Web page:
Understanding Candlestick Charts: Technical Analysis 101

BALTIMORE (Stockpickr) -- As any real-world practitioner of technical analysis will tell you, charts are paramount to finding profitable trades. But like most tools of the trade, there's much more to reading a stock chart than just looking at a line from one price point to the next.

Technical traders look at a bevy of different chart types that give them a significant advantage over the standard line charts most retail investors are familiar with. Today, we're going to take a look at the basics of reading the most popular: the candlestick chart.

In technical analysis, charts are crucial because they provide a graphical depiction of price action, the single most important indicator of a stock's behavior. While the legalese on your 401(k)'s mutual fund prospectuses may warn you that "Past performance does not guarantee future results," successful quantitative and technical traders have shown that, in some cases, past performance is actually highly correlated with future results.

That's why price action is so important. Because a stock's price fluctuates in response to fundamental and economic factors (such as earnings numbers or jobs data), price is the only metric that encompasses all other relevant metrics. As a result, market technicians can get cues about trends and psychological price levels by paying attention to price.

Of course, the importance of price means that it's extremely important to pick the right kind of chart.

While the simple line chart (which graphs a stock's price over time as a single, horizontal line) may be the most well-understood chart type, it's far from the best. Over time, a slew of different charting techniques have been developed -- including bar charts and point-and-figure charts -- to give traders more information in the same space. The candlestick chart is arguably the most popular; you've probably seen them before.

The benefits of candlesticks are major. While a line chart gives you only one data point (normally the close price) for a stock at any point in time, candlesticks actually give you five: open, close, low, high and direction of movement. That's a significant advantage when your trading decisions are based entirely on price action.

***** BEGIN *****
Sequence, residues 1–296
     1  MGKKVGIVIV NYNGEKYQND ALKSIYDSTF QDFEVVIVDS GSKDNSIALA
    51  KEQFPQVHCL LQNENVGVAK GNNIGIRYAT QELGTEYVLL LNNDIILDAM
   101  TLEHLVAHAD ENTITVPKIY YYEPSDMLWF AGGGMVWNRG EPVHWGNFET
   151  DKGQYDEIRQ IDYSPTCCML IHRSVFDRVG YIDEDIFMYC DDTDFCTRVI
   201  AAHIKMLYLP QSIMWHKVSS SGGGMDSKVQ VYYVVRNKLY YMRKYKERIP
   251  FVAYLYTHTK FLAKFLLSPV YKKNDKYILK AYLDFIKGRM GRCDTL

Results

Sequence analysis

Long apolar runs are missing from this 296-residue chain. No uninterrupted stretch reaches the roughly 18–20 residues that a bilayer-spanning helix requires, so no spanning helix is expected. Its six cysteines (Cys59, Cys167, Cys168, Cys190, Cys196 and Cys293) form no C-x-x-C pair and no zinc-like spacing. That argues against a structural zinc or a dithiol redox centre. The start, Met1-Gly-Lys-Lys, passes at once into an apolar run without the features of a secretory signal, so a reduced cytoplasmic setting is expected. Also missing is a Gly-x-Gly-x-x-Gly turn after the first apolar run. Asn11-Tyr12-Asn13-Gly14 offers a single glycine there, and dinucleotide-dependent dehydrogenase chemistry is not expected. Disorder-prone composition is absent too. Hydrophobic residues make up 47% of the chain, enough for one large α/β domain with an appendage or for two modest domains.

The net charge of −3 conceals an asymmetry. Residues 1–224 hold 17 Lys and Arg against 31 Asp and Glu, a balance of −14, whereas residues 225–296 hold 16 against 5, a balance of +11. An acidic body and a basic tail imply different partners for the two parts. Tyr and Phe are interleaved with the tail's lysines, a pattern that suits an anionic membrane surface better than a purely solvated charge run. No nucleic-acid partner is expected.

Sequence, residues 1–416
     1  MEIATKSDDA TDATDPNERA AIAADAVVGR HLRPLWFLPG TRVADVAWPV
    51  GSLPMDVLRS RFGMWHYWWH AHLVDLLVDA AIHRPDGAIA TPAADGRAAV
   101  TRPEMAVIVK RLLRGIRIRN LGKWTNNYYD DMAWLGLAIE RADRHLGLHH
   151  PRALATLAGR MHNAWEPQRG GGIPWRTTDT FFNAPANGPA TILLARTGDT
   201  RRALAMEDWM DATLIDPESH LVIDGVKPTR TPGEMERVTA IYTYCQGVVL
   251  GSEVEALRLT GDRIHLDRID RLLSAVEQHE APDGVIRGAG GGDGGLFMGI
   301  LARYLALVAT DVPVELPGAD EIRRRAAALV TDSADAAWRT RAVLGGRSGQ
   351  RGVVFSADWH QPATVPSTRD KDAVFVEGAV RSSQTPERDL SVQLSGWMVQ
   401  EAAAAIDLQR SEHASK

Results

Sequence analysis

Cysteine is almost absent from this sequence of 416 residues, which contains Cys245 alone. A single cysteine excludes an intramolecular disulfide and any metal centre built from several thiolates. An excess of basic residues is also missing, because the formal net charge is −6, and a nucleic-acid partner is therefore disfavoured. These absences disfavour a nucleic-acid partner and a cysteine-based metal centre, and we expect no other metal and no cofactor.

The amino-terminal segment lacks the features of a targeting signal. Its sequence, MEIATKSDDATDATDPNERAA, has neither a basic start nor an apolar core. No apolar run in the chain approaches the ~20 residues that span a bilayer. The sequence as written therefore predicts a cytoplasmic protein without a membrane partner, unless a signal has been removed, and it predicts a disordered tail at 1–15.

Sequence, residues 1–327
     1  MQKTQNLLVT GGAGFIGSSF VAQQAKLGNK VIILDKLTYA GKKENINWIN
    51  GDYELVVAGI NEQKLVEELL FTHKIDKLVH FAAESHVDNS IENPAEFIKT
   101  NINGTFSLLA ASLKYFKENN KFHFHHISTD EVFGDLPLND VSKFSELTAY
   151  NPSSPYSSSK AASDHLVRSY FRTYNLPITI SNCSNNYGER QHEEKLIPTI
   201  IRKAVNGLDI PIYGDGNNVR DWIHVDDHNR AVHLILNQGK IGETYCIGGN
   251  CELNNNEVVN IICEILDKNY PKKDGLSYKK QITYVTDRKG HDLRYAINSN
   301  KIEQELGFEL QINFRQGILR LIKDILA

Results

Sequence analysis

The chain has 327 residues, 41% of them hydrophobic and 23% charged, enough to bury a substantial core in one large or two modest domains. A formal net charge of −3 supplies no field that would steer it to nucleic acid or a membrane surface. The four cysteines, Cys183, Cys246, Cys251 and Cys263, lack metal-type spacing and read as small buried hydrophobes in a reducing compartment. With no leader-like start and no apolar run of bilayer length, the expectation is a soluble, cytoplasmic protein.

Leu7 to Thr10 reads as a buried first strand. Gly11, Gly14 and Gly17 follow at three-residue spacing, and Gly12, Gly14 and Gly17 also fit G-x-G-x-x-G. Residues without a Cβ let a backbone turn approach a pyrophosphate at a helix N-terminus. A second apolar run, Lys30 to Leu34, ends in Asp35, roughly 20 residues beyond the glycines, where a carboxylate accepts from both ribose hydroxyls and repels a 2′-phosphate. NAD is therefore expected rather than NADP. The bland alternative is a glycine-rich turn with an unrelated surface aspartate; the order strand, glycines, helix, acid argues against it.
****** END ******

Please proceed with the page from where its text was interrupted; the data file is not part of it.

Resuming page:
Despite its advances over the line chart, the candlestick chart is hardly a new invention. This charting method was developed in the 18th century Japan by rice traders.

Reading the Candle Stick Chart

Taking a look at a candlestick chart like the one above, the stock's overall price movement is fairly easy to spot, much like in a line chart. Unfortunately, that's the extent of most investors' understanding of candlestick charts.

So how do you glean all of that other information from a candlestick? Take a look at the diagram below:

Source: Wikipedia

Essentially, the color of the candle's body determines the stock's direction for a given period. (Individual candles can represent any length of time -- we'll assume it's a day for simplicity's sake.) A filled candle body represents a down day, whereas an empty candle is a higher move. Most charts today are also coded by color.

On days where the stock moved higher, the bottom of the body is the open price, the top of the body is the close price. The opposite is true for down days. The shadows (also known as tails or wicks) represent the intraday price swings that fell outside of those two levels.

Naturally, for days when price action stayed between the open and close, no shadows will be present. (These candles are known as "marubozu" in Japanese charting lingo.)

Trading Tactics Using Candlestick Charts

Different traders use candlestick charts for very different trading techniques. While breakout or momentum trading is popular with the added information candlesticks provide, the practice of analyzing patterns formed by specific groupings of candlesticks is popular as well.

Clearly, understanding how to read candlestick charts is only one of the early steps toward undertaking technical trading outright. 

This article is commentary by an independent contributor. At the time of publication, the author held no positions in the stocks mentioned.

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